The Origin of the Project
The Orlando Ribbon Project was started after the Orlando Pulse Tragedy on June 12th, 2016. When the events of the night and the next day unfolded, Ben Johansen, founder of the Orlando Ribbon Project, woke up startled by his husband Tim Vargas who was the President of the GLBT Community Center of Central Florida’s Board of Directors at the time. They rushed immediately to the Center, as many did that day, and Tim immediately sprang into action leaving Ben to handle the incoming community and media.
“I just felt kind of empty inside,” he says. “I felt like I needed to do something. And as my husband was the president of the board, I said I had to sit back and do something that brings awareness to everything that was going on. So I ran to the craft store and bought one roll of ribbon – one roll of rainbow ribbon, one roll of black ribbon, and a box of pins. I was making them for people who were volunteering at the Center or people who worked at the Center, and as people came in, they would say, ‘Hey, where’d you get your ribbon?’ I said, ‘I’m making them.’”
And the Orlando Ribbon Project was born.
Join Us And Wear A Rainbow Ribbon on June 12th
We ask that everyone wear a rainbow ribbon worldwide on June 12th each year to remember our 49 taken souls and the tragedy that struck the LGBT community of Orlando, and honor the love that spread out from this tragedy to unite the world.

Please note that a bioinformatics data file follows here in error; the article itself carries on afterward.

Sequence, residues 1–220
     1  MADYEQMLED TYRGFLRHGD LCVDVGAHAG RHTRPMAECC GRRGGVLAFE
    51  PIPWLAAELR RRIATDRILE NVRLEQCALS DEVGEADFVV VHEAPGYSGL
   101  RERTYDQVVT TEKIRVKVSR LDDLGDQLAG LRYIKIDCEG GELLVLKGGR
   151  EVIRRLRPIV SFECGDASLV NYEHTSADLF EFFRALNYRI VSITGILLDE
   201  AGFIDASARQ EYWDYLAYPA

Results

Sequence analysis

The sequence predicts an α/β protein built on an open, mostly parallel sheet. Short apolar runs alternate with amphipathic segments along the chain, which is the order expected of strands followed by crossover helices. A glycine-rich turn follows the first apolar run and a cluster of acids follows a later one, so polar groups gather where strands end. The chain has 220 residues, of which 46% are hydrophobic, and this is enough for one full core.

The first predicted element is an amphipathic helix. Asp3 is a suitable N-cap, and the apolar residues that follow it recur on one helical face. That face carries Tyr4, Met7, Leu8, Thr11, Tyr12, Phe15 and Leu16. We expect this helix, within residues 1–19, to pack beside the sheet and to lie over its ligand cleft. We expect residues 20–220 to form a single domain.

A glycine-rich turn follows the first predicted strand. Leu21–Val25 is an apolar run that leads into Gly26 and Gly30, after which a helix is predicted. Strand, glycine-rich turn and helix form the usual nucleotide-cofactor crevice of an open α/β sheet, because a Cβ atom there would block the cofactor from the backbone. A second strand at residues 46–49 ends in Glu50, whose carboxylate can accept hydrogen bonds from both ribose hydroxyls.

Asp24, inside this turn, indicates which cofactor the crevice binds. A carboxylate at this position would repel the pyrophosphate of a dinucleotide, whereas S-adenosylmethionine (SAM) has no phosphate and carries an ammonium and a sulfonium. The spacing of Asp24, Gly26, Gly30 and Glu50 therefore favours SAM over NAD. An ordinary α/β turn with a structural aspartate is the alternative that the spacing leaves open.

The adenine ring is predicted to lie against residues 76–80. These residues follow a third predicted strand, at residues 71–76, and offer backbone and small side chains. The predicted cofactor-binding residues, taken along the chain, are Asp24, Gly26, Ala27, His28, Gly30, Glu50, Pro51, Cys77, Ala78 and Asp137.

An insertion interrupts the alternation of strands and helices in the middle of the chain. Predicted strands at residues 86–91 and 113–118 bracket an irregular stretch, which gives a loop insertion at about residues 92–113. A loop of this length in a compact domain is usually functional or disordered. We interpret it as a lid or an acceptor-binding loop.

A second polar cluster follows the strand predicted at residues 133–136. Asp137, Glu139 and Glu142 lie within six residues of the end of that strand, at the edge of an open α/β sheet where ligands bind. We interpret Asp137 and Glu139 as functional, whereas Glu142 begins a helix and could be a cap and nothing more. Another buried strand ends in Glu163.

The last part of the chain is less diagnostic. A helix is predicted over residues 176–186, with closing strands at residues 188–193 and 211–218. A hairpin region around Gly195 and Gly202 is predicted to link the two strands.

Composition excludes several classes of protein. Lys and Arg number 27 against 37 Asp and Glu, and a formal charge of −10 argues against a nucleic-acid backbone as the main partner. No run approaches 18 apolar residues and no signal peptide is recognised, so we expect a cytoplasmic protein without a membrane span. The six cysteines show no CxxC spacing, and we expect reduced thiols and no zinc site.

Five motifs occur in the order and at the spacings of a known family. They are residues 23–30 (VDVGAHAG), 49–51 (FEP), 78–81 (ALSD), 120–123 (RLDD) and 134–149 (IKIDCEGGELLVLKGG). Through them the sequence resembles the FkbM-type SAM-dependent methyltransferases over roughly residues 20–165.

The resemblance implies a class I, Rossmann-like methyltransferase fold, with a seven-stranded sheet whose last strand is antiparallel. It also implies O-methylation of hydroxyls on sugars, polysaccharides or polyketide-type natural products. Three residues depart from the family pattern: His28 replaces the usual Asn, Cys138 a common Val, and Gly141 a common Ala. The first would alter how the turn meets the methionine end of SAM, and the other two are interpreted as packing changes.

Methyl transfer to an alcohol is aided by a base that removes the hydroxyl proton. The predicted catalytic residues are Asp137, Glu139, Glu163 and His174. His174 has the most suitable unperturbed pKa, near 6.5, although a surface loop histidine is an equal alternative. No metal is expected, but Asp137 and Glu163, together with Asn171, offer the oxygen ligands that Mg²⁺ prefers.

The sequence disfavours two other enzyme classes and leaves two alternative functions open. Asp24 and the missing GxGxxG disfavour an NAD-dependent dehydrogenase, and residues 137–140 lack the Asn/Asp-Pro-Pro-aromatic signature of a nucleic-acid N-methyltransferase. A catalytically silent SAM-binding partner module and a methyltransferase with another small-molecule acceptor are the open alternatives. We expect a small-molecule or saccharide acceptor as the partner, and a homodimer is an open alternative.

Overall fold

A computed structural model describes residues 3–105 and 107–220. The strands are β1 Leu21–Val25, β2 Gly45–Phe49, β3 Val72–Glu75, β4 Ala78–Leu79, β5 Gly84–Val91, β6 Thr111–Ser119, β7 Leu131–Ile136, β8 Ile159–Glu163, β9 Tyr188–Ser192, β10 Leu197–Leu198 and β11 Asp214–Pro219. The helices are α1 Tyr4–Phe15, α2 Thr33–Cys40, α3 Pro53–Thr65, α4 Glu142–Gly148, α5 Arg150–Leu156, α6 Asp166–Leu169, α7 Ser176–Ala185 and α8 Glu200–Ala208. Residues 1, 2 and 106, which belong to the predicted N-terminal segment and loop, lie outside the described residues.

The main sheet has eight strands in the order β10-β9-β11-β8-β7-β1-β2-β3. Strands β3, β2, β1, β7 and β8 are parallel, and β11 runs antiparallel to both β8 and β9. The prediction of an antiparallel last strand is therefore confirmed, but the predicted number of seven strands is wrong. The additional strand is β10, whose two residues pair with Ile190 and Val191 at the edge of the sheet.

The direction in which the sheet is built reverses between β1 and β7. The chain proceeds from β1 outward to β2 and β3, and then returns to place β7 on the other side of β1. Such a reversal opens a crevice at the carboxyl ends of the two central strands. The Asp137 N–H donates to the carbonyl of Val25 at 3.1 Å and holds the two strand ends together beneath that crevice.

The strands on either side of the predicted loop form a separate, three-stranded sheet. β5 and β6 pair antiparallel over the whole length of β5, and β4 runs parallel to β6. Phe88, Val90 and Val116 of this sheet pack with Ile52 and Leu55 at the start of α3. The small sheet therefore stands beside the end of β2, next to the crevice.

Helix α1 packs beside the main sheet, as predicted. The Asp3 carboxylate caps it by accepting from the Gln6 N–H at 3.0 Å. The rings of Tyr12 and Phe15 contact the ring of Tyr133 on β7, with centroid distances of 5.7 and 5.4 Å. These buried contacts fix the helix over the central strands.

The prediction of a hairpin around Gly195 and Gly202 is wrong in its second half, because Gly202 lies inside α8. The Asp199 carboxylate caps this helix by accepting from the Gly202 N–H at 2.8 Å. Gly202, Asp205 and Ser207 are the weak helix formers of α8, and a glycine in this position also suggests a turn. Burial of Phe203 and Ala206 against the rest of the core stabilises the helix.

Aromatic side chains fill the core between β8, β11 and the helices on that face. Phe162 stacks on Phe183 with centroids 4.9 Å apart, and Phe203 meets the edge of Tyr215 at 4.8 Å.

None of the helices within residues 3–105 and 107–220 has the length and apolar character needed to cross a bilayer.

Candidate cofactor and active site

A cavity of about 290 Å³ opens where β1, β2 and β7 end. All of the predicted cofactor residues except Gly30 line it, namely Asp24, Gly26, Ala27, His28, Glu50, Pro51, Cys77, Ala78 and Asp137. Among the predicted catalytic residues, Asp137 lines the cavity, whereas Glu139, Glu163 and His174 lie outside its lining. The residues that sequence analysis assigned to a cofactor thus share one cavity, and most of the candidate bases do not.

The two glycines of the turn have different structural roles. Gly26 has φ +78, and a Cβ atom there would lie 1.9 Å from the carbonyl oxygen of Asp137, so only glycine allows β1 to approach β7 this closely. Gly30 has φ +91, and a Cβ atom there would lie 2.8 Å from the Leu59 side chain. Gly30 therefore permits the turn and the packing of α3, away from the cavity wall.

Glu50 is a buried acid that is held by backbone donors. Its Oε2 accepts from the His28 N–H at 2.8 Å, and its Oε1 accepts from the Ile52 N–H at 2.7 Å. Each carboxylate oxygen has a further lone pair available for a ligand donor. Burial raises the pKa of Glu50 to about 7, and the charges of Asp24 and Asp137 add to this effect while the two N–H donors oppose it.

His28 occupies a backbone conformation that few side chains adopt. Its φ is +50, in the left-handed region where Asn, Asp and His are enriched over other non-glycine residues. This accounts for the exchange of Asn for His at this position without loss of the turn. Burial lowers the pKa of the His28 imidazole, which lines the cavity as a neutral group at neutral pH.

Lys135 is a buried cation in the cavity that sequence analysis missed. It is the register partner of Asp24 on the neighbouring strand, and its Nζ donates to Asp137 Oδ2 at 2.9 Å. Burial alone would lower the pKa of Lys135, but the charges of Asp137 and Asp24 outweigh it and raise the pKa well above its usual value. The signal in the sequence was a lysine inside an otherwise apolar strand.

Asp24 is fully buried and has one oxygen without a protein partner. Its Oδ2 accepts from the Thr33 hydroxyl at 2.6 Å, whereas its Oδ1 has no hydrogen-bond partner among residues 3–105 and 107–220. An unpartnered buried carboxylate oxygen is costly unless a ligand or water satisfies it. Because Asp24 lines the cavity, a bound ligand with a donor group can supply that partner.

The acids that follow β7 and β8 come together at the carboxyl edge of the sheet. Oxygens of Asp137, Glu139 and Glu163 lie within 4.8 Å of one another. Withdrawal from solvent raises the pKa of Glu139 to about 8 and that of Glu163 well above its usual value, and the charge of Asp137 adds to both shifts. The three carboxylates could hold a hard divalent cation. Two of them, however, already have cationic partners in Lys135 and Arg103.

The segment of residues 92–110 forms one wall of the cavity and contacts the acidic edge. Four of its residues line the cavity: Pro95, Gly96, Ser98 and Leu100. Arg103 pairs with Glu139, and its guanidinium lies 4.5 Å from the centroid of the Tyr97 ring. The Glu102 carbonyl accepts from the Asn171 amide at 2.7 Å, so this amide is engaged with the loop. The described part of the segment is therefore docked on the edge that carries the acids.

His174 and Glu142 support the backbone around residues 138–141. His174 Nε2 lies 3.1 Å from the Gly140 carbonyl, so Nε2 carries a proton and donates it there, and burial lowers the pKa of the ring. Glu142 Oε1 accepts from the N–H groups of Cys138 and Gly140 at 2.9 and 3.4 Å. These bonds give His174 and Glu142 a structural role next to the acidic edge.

The rainbow ribbon has gone on to spread worldwide with over 300,000 ribbons delivered so far since the project began!
The History of the Rainbow
The rainbow has been an inherent symbol of the LGBT Rights Movement thanks to Gilbert Baker, an openly gay activist born in 1951. After an honorable discharge, Gilbert taught himself to sew. In 1974, Baker met Harvey Milk, an influential gay leader, who three years later challenged Baker to come up with a symbol of pride for the gay community.
The original gay pride flag flew in the San Francisco Gay Freedom Day Parade on June 25, 1978. It has also been suggested that Baker may have been inspired by Judy Garland’s singing “Over the Rainbow” and the Stonewall riots that happened a few days after Garland’s death (she was one of the first gay icons).
The rainbow flag has found wide application on all manner of products including jewelry, clothing and other personal items and the rainbow flag colors are routinely used as a show of LGBT identity and solidarity. The rainbow colors have become so ubiquitously recognized as a symbol of LGBT pride and identity in recent years that they have effectively replaced most other LGBT symbols, including the Greek letter lambda and the pink triangle.
The colors of the rainbow were set by Gilbert to mean Sex, Life, Healing, Sunlight, Nature, Art, Harmony, and Spirit.